While the protagonist in Kafka’s story is looking for a way out, an escape from war-torn Europe, Wintersleep’s “Amerika” does not really offer much optimism for change. Extreme solitude and isolation are reinforced by images of people mostly alone, in different locations: churches, diners, dining rooms, and bedrooms. Some moments of the video recall Edward Hopper’s famous Nighthawks painting from 1942, its artificially bright interior contrasting with the dark lurking exterior. Here melancholia and solitude prevail.

In the video, along with the imminent menace of the comet, sickness, disease, and death are everywhere implied, in one figure’s cigarette and another’s oxygen mask, drugged-up young men wielding guns, drug dens, bloodied faces, and gangsters. Young lovers look bored and unmoved, lying in each other’s arms. There is no life or joy portrayed or concealed in any of the actors’ faces.

Yet nature prevails. Near the end of the film, the mix of the sound of the crashing water from the falls and the whooshing wind blend to remind us again of the of nature’s power. This reverence is mirrored on the pimply-faced adolescent’s expression as he observes the waterfalls. It is only after the cleansing water that the video shows us gentleness, echoing the song’s refrain “I don’t want to die”: a shirtless man takes his young child in his arms, a woman takes another by the hand, and the young lovers clasp each other’s hands, as if in preparation for the apocalyptic conclusion.

The band Wintersleep, originally formed in Halifax, Nova Scotia, and now based in Montreal, has been making music since 2001 and won a Juno in 2008. This song is from their most recent album, The Great Detachment, released in March 2016. The music video for Wintersleep’s “Amerika,” ranked in the top 50 videos of 2016 by Muchmusic, was written, directed and edited by award-winning Toronto filmmaker, Scott Cudmore. Co-recipient of the 2014 Arthur Lipsett Award, Cudmore is a member of Revolver Films.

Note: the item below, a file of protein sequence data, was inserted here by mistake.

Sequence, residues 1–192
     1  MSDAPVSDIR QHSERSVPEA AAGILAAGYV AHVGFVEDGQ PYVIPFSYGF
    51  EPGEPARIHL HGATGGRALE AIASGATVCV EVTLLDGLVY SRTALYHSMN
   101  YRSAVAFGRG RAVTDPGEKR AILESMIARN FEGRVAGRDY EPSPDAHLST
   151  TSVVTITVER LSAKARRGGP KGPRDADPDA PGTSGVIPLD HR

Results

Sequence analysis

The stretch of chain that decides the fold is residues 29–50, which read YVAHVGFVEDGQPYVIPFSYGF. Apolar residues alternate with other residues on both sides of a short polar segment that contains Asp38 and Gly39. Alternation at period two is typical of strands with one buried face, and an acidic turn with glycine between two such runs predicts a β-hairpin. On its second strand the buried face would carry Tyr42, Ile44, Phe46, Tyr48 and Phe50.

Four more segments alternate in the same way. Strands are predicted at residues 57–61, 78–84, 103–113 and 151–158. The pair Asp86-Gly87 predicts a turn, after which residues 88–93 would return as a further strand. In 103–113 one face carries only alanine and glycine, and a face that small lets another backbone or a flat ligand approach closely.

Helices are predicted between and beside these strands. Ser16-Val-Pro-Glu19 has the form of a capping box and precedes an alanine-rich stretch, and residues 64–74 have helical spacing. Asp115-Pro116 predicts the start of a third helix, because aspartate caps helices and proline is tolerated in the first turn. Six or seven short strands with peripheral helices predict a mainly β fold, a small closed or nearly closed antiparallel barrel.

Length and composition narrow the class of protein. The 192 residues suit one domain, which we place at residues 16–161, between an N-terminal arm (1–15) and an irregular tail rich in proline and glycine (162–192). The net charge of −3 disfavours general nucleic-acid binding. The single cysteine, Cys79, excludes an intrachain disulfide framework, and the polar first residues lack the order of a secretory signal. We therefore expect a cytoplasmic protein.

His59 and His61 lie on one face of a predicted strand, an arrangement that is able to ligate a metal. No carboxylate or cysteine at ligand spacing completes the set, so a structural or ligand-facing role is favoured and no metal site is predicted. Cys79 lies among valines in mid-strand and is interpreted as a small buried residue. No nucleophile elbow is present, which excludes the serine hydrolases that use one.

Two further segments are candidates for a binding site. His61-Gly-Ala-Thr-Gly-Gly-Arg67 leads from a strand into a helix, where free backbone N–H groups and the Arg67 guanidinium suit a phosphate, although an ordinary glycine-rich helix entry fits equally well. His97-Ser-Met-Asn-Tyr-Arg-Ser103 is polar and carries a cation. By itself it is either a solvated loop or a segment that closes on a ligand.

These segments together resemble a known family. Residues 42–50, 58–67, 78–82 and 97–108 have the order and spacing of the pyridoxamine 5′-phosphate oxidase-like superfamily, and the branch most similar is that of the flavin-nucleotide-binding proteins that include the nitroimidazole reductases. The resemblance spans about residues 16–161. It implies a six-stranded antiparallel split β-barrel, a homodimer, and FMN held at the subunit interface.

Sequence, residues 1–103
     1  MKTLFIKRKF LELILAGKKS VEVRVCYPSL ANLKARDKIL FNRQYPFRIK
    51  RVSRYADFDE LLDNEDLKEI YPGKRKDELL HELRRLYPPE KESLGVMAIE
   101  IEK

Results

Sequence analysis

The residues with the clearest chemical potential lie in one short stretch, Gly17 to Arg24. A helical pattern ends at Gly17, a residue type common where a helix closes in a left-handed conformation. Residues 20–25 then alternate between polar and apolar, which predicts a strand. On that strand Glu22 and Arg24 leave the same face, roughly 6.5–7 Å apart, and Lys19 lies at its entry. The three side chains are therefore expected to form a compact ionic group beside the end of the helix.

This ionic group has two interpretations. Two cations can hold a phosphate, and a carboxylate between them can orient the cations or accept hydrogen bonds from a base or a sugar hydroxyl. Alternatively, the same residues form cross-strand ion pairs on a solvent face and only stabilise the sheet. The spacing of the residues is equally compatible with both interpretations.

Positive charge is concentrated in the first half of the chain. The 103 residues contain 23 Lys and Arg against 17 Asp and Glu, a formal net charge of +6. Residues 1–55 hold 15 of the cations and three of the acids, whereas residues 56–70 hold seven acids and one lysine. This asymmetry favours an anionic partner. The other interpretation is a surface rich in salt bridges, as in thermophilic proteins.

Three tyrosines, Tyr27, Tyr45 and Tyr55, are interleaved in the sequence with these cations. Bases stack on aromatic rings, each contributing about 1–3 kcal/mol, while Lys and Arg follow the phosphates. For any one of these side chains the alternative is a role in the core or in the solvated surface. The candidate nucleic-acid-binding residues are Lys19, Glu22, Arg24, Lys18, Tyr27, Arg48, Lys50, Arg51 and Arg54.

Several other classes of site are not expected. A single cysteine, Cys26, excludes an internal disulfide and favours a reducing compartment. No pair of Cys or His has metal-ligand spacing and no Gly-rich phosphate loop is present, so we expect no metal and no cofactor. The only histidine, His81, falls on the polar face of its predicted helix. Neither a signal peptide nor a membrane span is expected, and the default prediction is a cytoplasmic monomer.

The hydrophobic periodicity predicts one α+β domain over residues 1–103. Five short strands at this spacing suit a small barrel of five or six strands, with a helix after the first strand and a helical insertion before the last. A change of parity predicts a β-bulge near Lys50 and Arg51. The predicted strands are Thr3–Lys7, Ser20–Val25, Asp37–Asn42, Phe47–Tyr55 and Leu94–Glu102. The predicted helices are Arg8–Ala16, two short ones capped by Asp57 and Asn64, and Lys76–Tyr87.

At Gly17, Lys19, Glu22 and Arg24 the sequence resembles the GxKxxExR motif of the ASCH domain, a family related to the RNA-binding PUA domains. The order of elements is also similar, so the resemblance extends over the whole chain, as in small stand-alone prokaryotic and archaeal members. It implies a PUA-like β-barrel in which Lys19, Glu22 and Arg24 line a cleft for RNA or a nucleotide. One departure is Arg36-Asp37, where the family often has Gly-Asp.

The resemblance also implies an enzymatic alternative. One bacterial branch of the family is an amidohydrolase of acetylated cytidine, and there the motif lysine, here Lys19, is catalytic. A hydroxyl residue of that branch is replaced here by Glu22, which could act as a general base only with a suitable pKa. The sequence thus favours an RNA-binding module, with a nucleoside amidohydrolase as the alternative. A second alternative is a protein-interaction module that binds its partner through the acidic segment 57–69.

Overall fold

–Sophie Lavoie

Works Cited:
Shields Dix, Douglas. “The Man Who Disappeared: Kafka Imagining Amerika” The Kafka Project by Mauro Nervi. http://www.kafka.org/index.php?aid=239

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Sophie M. Lavoie conducts research in the areas of women’s writing and social change in Central America and the Caribbean. Her studies focus on women in contemporary Nicaragua during the first Sandinista era (1970-1990), but she is also interested in other revolutionary movements in the area, such as Cuba and El Salvador and in women’s writing in Latin America. Her current research project focuses on the link between women’s writing, empowerment, and revolutionary action during the Sandinista era in Nicaragua. She has published articles in Canadian Women’s Studies/les cahiers de la femme, Pandora, Centroamericana, Cahiers d’Etudes Romanes and Descant. She is Associate Professor at the University of New Brunswick in Fredericton, NB where she teaches Spanish and Latin American Cinema.